Library studies retention rate correlations

GVL / Kevin Sielaff - The University Academic Senate (UAS) convenes Friday, Jan. 29, 2016 inside the DeVos Center on Grand Valleys Pew Campus.

Kevin Sielaff

GVL / Kevin Sielaff – The University Academic Senate (UAS) convenes Friday, Jan. 29, 2016 inside the DeVos Center on Grand Valley’s Pew Campus.

Hannah Lentz

The Mary Idema Pew Library has quickly become a staple of the Grand Valley State University community. Hosting large events such as the annual Teach-In, Exam Cram activities and special exhibits, the library may also contribute to a much larger aspect of college: retention rates.

During a presentation to the University Academic Senate on Feb. 26, the body looked at data collected regarding library usage.

Starting in 2012, the library teamed up with offices in Institutional Analysis to look at retention rates based on students who have seen a librarian in class and those who have not.

What they found was a positive, statistically significant correlation between library instruction and retention rates.

Every year, up to 10,000 students have direct face-to-face instruction with one of the 29 faculty librarians.

During this study, researchers compared students in courses with multiple sections that have at least one section engage with a librarian (courses with single sections were excluded).

“Students who use the library resources tend to stay at a higher rate than those who don’t, but we can attribute a lot of that to motivation and student behavior,” said Mary O’Kelly, head of instructional services for University Libraries.

Looking at retention as continued enrollment the following fall semester, University Libraries have recorded a 70-75 percent retention rate.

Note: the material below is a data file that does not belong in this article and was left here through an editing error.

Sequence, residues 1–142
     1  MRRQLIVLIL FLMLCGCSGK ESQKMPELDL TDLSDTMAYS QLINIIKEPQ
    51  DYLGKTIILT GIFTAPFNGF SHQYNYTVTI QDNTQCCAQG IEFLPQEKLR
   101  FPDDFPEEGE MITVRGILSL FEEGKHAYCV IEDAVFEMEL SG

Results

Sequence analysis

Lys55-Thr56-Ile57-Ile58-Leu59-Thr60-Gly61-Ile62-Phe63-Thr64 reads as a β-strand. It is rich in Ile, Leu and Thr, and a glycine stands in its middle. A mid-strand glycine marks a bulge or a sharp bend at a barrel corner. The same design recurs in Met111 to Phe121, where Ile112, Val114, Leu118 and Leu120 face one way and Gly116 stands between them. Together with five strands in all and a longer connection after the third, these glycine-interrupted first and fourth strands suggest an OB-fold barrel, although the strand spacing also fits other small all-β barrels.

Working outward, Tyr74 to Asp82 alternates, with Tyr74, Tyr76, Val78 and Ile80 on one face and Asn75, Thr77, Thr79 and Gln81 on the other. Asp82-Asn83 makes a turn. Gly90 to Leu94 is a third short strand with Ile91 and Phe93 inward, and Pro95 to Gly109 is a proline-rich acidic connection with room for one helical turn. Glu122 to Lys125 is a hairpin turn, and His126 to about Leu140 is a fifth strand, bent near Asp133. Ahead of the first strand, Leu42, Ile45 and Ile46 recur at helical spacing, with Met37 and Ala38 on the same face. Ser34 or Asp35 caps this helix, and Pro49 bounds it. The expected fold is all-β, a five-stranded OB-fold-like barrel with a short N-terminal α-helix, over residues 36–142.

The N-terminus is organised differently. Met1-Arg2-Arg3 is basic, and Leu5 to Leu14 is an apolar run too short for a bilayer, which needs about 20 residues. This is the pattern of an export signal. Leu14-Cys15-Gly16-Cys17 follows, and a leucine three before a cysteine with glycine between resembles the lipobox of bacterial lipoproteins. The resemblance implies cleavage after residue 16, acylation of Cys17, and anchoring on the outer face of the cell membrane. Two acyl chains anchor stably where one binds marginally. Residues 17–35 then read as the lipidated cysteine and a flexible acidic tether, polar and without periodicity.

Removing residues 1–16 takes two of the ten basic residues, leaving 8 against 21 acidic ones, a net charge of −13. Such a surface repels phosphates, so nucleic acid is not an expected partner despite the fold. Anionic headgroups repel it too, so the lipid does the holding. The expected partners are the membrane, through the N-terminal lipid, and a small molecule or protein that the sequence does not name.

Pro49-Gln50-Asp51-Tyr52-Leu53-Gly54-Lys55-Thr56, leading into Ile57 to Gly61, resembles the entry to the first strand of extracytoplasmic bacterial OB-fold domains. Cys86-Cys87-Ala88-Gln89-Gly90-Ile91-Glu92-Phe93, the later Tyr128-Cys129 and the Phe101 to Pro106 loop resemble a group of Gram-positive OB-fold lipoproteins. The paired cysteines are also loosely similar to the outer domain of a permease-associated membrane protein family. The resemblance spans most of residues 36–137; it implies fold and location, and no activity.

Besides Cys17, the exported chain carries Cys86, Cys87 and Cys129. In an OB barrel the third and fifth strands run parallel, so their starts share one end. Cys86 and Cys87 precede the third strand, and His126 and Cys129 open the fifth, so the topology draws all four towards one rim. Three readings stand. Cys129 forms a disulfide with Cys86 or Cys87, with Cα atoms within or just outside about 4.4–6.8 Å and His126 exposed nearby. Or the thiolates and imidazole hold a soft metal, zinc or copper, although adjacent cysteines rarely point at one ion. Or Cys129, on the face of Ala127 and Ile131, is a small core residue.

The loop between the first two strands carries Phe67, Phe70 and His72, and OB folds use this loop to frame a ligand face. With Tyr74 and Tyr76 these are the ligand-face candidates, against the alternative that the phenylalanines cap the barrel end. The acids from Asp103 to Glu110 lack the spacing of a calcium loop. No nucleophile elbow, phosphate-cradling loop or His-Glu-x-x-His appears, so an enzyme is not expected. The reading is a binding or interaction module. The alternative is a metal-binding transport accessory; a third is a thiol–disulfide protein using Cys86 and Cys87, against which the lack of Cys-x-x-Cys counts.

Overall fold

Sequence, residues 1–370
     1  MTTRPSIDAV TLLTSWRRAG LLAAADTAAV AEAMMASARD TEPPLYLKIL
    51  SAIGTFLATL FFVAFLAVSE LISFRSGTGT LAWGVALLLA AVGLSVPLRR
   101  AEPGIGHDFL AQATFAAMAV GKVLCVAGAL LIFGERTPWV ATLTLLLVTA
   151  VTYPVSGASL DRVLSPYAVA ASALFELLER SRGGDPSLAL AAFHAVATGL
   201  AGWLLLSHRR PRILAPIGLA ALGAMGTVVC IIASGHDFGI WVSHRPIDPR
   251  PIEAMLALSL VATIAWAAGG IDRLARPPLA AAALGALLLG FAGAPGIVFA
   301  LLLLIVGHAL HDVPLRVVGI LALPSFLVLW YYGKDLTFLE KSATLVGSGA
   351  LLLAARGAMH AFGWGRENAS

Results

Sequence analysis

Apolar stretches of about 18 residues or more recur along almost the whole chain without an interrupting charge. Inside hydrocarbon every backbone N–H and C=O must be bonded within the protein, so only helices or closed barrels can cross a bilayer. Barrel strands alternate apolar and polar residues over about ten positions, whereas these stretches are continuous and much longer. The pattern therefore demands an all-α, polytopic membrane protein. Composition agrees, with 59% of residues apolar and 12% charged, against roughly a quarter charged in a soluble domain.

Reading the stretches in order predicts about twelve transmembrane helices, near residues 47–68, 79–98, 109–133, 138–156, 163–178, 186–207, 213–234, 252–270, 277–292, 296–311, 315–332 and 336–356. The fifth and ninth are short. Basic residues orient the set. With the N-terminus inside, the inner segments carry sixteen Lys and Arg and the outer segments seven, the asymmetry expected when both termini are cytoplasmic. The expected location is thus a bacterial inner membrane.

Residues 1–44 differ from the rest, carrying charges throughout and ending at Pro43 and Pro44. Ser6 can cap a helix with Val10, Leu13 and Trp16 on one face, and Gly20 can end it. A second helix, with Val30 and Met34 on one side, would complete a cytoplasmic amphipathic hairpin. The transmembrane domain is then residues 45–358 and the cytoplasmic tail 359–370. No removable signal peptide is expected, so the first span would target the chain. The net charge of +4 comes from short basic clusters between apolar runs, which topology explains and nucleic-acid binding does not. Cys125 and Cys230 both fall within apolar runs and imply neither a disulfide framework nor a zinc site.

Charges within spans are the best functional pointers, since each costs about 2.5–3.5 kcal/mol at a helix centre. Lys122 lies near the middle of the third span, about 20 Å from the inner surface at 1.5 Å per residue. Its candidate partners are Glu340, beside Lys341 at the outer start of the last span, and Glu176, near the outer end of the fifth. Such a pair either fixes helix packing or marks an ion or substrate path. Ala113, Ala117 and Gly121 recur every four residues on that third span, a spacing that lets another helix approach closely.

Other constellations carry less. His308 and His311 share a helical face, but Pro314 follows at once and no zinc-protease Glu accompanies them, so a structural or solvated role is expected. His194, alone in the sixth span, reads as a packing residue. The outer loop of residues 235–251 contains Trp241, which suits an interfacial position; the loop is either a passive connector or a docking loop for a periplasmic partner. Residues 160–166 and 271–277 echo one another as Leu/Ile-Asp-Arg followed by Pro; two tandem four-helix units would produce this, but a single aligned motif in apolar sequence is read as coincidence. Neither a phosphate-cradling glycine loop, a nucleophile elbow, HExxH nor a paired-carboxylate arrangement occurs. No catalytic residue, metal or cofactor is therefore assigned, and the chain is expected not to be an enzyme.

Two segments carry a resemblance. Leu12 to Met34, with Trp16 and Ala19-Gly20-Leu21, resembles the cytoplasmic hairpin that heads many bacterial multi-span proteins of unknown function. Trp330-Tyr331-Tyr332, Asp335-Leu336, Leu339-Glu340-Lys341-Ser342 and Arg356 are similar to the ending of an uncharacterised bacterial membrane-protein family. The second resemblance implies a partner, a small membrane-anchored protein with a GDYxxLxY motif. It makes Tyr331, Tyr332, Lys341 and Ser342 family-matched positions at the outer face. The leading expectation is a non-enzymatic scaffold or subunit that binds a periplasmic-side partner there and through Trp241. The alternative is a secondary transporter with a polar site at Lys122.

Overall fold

“I would be thrilled if I could say that (librarians cause student retention),” O’Kelly said.

Though GVSU is not the first university to look at student retention rates in relation to library usage, the positive results did raise interesting questions about the role of faculty engagement with academic support services and the way students are using the library.

Coming up on the three year anniversary of the opening of the MIP Library, library personnel continue to look at how to encourage student success on campus, said Lee Van Orsdel, dean of University Libraries.

“We wanted to try and inspire and engage (students), once we had them in the building, can we teach them something even when they didn’t expect to be taught something,” Van Orsdel said.

This work comes with a focus on student preferences.

“We pretty much tossed everything about the old library in the sense of environments itself,” Van Orsdel said. “We wanted to give (students) the tools to manage their own learning so that once we got them into the building we could keep them there.”

Since the opening of the library in June of 2013, there have been 2.7 million total visits to the building, 4,833 visits in an average day (6,456 visits in an average day during finals week), records of over 1,000 students in the building at one time, 50 intellectual events this year in partnership with 30 academic departments or units and 10 exhibits in the Exhibition Space.

“Students gravitate to the building because it supports the basic need to feel connected to others and to the larger community of Grand Valley,” O’Kelly said. “The library design helps students believe they matter and the library is a place that helps them flourish academically. Students value the spaces, services and experts available to them and see the library as ‘home base’ while enrolled.”